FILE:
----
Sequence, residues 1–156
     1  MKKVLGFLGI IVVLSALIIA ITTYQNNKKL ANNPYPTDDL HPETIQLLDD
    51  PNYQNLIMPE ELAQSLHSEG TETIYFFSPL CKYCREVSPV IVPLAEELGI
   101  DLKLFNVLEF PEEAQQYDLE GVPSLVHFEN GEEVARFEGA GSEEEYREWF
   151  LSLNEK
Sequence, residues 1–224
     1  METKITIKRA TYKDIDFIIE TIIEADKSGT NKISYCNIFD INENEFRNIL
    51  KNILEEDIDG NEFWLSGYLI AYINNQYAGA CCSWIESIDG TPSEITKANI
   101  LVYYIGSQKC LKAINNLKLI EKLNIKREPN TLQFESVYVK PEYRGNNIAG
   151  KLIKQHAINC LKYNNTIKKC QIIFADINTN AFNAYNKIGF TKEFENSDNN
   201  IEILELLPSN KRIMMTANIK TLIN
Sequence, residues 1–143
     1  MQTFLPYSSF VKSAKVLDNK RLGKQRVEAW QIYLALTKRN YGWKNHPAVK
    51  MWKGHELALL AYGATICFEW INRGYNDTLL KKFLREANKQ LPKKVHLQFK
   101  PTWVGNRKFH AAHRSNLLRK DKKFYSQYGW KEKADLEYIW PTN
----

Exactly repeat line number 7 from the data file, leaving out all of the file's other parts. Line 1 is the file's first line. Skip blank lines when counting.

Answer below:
     1  METKITIKRA TYKDIDFIIE TIIEADKSGT NKISYCNIFD INENEFRNIL